The crowd has spoken! 🙃 A thread with early-stage machine learning research advice follows below. 👇🧵

Important disclaimer before proceeding: these are my personal views only, and likely strongly biased by my experiences and temperament. Hopefully useful nonetheless! 1/15
During the early stages of my PhD, one problem would often arise: I would come up with ideas that simply weren't the right kind of idea for the kind of hardware/software/expertise setup I had in my department. 2/15
This would lead me on 'witch hunts' that took months (sometimes forcing me to spend my own salary on compute!). Game-changer for me was corresponding w/ researchers that are influential to the work I'd like to do: first learn from their perspectives, eventually internships. 3/15
My internships @Mila_Quebec (developing GAT/DGI) both started w/ emails to Yoshua Bengio, and in both cases we initially discussed something completely unrelated to what ended up those two papers. (first time, it was multimodal computer vision; second time, consciousness). 4/15
Similarly, my internship at @BellLabs (developing X-CNN/X-LSTM; with @niclane7) also started with an email thread, aimed at low-resource machine learning, totally unrelated to computer vision. 5/15
Internships (/short research placements) are a great way to get focused up towards solving a particular problem (or set of problems): it's a pre-determined amount of time, usually working alongside a domain expert (so they'll know what is novel, exciting and feasible),... 6/15
...and usually it exposes you to a wider group of researchers who can give invaluable context/connections that simply wouldn't've been possible elsewhere. Actually, lessons learnt at internships can also positively feedback to your workflow outside them. 7/15
Eventually, with enough experience you'll absorb the field, and you'll have a much better feel for what is feasible. One skill I've gradually learnt in this regard is, once you have a hypothesis you'd like to test, to always try to "hardcode" the problem as much as possible. 8/15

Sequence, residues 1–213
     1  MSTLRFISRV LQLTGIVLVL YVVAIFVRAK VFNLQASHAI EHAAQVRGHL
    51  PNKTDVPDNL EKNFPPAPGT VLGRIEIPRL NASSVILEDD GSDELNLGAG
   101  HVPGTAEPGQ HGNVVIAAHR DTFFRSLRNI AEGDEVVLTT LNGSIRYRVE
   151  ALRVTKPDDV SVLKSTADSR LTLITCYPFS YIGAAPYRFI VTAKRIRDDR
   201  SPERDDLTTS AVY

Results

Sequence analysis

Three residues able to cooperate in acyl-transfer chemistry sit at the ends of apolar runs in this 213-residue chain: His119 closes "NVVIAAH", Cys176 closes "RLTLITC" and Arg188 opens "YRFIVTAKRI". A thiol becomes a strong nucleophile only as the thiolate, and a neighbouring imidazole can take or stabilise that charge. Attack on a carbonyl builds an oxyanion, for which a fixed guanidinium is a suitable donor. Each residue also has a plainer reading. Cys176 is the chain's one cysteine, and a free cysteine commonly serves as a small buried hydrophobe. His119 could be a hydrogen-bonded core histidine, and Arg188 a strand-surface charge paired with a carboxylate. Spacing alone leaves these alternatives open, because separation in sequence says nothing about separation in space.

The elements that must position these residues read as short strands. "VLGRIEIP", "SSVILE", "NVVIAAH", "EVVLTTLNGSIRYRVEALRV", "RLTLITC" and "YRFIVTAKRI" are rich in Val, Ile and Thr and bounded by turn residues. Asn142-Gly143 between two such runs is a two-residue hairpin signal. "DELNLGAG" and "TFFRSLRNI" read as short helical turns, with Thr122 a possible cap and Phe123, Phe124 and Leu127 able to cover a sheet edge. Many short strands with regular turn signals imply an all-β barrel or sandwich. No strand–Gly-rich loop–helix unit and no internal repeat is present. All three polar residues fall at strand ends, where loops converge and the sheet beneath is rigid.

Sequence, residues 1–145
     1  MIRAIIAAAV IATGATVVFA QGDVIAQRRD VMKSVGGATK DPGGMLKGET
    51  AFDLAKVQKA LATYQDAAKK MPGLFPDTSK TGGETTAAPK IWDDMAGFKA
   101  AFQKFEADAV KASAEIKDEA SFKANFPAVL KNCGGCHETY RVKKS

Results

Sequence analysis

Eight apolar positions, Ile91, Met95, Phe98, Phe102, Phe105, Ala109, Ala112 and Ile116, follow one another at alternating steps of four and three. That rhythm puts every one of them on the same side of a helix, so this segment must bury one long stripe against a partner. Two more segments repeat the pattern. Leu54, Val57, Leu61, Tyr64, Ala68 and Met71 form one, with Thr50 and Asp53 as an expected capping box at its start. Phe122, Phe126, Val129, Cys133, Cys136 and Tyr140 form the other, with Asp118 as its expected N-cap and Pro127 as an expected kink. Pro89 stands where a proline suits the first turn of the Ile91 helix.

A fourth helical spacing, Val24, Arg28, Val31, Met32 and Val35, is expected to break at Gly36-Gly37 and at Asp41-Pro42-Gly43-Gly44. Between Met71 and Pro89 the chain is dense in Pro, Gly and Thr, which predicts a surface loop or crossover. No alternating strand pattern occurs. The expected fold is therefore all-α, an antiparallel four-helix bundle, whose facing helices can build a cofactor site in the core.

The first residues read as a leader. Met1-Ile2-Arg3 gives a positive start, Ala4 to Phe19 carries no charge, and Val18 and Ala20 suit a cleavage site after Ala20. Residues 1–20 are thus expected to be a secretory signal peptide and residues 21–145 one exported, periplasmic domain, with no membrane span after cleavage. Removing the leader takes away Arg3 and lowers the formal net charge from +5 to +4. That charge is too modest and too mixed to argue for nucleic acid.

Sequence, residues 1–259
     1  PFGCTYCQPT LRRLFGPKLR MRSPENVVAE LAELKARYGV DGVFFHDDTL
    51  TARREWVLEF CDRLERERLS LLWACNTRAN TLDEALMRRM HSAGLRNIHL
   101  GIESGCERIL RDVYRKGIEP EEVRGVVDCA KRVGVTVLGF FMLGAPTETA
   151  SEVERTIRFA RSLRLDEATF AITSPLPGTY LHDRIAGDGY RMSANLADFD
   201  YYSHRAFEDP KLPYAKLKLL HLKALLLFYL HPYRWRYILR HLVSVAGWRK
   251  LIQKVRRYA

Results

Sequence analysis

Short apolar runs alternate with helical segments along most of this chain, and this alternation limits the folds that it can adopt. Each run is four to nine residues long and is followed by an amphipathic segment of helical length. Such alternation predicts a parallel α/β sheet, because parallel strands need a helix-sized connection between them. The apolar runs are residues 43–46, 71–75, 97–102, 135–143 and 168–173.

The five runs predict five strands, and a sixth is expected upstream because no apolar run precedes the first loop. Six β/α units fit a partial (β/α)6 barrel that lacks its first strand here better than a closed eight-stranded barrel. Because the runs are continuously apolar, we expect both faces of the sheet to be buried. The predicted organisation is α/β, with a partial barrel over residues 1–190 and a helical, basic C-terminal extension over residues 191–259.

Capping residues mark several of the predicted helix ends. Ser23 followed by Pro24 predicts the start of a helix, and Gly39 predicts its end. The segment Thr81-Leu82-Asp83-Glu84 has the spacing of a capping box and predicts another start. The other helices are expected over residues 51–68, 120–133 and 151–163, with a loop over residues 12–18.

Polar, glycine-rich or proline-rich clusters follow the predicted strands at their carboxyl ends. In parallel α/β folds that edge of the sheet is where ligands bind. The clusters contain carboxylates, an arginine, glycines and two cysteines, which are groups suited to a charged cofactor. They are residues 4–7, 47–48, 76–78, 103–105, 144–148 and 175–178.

By this I mean, for example, directly feeding to the model data it is not supposed to have, to the point where if the model doesn't work in this setting, you (usually) either have a bug somewhere or the hypothesis is very likely false. 9/15
Once your model fits the hardcoded problem correctly, you can gradually relax the 'restricted' data you feed it, making sure it still works every step of the way.

This was an impactful workflow that proved critical in many of my recent algorithmic reasoning papers. 10/15
I think it's a bit of a sad reality that students are driven to "publish or perish". If you work on problems that you find highly meaningful, with a niche that will find your solutions valuable, I don't find it an absolute requirement that the work must be published. 11/15
But one piece of advice I'd give is, once you have a meaningful hypothesis and maybe 1-2 small experiments verifying it in certain conditions, to always submit your work to a relevant **workshop**. 12/15
Workshops typically have a much higher (~75+%) acceptance rate, are a great platform to get feedback on your work before it is publication-ready, and---somewhat ironically---the fact that they are attached to a major conference means you still get a lot of exposure. 13/15
In fact, because workshops often tackle a narrow 'niche' of researchers, it's very likely that you'll get concentrated feedback exactly from people who could end up your future reviewers or even collaborators. :) 14/15
That's it for now! Hope you found it useful -- and any feedback / personal experiences welcome. :)

Tagging @HennyJieCC @jeongwhan_choi @SMRhadou @shuosuree @g_sokar @josephimperial_ @o_v_shake @k_saifullaah @nicola_decao @akbirkhan as you've explicitly registered interest. 15/15

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More from @PetarV_93

16 Nov 20
Over the past weeks, several people have reached out to me for comment on "Combining Label Propagation and Simple Models Out-performs Graph Neural Networks" -- a very cool LabelProp-based baseline for graph representation learning. Here's a thread 👇 1/14
Firstly, I'd like to note that, in my opinion, this is a very strong and important work for representation learning on graphs. It provides us with so many lightweight baselines that often perform amazingly well -- on that, I strongly congratulate the authors! 2/14
I think most of the discussion comes from the title -- most people reaching out to me ask "Does this mean we don't need GNNs at all?", "Have GNNs been buried?", etc.

In reality, this work reinforces something we've known in graph representation learning for quite some time. 3/14
Read 14 tweets
17 Sep 20
As requested , here are a few non-exhaustive resources I'd recommend for getting started with Graph Neural Nets (GNNs), depending on what flavour of learning suits you best.

Covering blogs, talks, deep-dives, feeds, data, repositories, books and university courses! A thread 👇
For blogs, I'd recommend:
- @thomaskipf's post on Graph Convolutional Networks:…
- My blog on Graph Attention Networks:
- A series of comprehensive deep-dives from @mmbronstein:…
For a comprehensive overview of the area in the form of a talk, I would highly recommend @xbresson's guest lecture at NYU's Deep Learning course:

Read 8 tweets

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